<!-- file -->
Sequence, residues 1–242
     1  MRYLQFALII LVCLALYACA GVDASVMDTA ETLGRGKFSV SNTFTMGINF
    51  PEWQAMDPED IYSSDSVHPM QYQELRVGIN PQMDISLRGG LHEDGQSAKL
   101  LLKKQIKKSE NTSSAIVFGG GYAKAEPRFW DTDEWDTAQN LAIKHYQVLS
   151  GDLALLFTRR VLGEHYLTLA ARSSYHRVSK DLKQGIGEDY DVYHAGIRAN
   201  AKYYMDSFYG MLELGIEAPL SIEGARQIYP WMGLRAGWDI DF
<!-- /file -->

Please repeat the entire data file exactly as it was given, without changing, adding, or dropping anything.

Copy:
Sequence, residues 1–242
     1  MRYLQFALII LVCLALYACA GVDASVMDTA ETLGRGKFSV SNTFTMGINF
    51  PEWQAMDPED IYSSDSVHPM QYQELRVGIN PQMDISLRGG LHEDGQSAKL
   101  LLKKQIKKSE NTSSAIVFGG GYAKAEPRFW DTDEWDTAQN LAIKHYQVLS
   151  GDLALLFTRR VLGEHYLTLA ARSSYHRVSK DLKQGIGEDY DVYHAGIRAN
   201  AKYYMDSFYG MLELGIEAPL SIEGARQIYP WMGLRAGWDI DF